Information Session About K12 Charter School

August 29, 2013 by  


By Adil James, TMO

P8240532Another educational alternative for students in Michigan and many other states is the online charter school.  Charter schools are paid for by the state and are available to students for free.  Of course the students at these schools have as their curriculum the secular mainstream guidelines imposed by the state, but they are able to supplement their education with whatever religious materials they like.

In fact, the adherents of many religions pursue the education of their children in this way, and the wiser online charter schools tailor their curricula so as not to offend the religious sensibilities of the many students of varied religious hues who patronize them.  Parents, if they wish, are also able to exclude specific reading materials they find objectionable, provided that they find alternatives acceptable to their charter school teachers.  Parents are more involved in the day to day learning of their children, functioning as “learning coaches” and helping the children to grasp the material.

The job is not easy, not for the child and not for the parent.  But some parents view this style of education as tremendously powerful in helping to create a bond between child and parent.

A further development in this area has been learning communities which use the online charter as their basic building block, but do their educational efforts together or supplement with religious materials in a group setting.  For example, some hifz schools use K12 as the basic foundation for secular education, while they focus primarily on the hifz program.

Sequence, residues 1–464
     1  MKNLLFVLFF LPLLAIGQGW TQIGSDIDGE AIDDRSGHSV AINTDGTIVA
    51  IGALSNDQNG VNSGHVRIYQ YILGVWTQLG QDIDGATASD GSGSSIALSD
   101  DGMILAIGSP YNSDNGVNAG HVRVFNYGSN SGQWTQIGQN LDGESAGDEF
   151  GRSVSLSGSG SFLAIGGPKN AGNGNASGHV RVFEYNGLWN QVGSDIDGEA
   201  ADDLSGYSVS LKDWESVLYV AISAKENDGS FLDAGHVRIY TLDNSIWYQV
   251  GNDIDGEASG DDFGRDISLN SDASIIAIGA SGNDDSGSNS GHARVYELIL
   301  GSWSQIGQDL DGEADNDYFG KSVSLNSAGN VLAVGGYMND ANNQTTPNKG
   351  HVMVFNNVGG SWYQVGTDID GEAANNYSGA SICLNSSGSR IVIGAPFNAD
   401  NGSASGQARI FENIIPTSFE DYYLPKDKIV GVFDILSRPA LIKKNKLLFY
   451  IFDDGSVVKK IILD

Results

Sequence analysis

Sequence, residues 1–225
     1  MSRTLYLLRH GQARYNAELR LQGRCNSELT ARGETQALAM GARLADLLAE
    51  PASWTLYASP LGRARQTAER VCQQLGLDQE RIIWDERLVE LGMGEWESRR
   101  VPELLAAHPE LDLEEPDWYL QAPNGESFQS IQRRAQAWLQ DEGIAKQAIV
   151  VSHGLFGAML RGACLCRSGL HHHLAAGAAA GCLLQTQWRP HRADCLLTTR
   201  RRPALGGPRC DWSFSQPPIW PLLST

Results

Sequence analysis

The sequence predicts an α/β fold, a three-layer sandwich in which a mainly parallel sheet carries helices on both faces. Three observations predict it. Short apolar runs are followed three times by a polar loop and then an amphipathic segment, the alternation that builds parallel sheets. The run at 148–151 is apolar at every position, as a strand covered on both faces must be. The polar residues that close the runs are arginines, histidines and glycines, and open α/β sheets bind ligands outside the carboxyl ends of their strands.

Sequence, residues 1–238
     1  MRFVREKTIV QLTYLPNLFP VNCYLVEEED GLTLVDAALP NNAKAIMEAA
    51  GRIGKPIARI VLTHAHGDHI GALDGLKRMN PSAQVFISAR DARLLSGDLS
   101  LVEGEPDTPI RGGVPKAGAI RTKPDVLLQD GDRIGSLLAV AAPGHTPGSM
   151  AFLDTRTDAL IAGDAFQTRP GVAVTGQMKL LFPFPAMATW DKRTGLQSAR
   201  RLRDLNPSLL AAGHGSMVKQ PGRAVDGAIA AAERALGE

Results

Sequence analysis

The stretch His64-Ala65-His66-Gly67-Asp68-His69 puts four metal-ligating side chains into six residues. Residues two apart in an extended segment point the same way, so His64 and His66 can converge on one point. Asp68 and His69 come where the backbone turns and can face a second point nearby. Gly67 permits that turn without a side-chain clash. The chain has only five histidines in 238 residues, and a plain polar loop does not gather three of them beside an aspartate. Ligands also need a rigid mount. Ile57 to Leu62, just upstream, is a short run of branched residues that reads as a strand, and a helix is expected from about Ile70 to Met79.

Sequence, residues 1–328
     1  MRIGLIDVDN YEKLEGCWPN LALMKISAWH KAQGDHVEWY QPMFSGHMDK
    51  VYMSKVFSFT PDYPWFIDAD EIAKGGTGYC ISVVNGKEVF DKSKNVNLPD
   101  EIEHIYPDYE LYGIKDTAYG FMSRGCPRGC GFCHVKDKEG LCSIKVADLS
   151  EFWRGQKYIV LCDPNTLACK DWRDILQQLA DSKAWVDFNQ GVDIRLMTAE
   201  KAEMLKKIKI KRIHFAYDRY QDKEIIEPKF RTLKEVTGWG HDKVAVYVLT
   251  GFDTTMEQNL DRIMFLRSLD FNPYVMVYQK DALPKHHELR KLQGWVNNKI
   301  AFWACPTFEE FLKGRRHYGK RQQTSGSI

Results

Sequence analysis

In support of K12’s recent expansion into Michigan, Kari Ansari, a K12 employee who is also a frequent contributor to TMO and to the Huffington Post, spoke at length about the K12 program to an audience of about 40 interested parents at the Bloomfield Muslim Unity Center.

She addressed all of the basic facts listed above and also pointed out that K12 has a curriculum competitive with almost any public high school, with over 100 courses, 110,000 kids across all of the states, providing all levels of education from remedial up through AP—and offering exotic courses such as Chinese–and each student is specifically placed based on performance.  Advisors and teachers watch the students, guidance counselors are available to them and advise them as they arrange, prepare for, and take SATs and ACTs and apply for college.  In states where K12 is not available as an online charter it is available as a private school and costs several thousand dollars a year.  But fortunately for us Michiganders it is available here to us for free.

Ms. Ansari showed pictures of the curriculum that students receive and I can tell you as a former Connections Academy learning coach that the K12 materials appeared to be richer than those for Connections.  K12 was founded by Ron Packard, George Bush’s Secretary of Education, and built on the principle that “not every child learns the same way.” 

Muslims, Christians, and Mormons all take advantage of this opportunity to maintain their own values for their children while also pursuing the benchmarks of a secular education.  In fact, largely due to Ms. Ansari’s efforts nationwide, K12 now has about 700-800 Muslim families enrolled.

Ms. Ansari pointed out the surprising and interesting statistic that in the United States today 3 to 4 million kids are home schooled.

Although the listeners were not many, they were intensely interested and asked focused questions.

One of the more pertinent questions was–when does the K12 system not work, and Ms. Ansari’s answer was thoughtful and well-said—that in fact for most people K12 is a very good system but it becomes more difficult to implement when either the child is disorganized, or if the parent learning coach is disorganized, impatient, or insufficiently dedicated.  “If you feel it doesn’t work then don’t do it,” she said.

However K12 seems like a very valid option for many people—especially religious people who want to inculcate their values in their children.

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